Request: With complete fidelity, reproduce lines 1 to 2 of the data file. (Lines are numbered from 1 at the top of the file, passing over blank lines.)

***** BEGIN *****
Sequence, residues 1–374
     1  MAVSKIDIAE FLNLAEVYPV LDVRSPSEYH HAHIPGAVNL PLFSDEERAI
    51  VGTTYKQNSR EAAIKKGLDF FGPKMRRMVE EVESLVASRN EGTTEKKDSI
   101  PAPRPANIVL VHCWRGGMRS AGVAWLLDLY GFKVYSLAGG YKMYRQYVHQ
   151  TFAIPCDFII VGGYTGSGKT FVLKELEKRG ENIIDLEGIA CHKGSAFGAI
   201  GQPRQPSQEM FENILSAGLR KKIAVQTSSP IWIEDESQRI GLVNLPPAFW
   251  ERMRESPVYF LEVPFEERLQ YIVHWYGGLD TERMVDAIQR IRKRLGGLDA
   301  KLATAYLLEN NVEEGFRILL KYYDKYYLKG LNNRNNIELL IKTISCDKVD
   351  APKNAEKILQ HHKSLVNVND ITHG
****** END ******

Sequence, residues 1–374
     1  MAVSKIDIAE FLNLAEVYPV LDVRSPSEYH HAHIPGAVNL PLFSDEERAI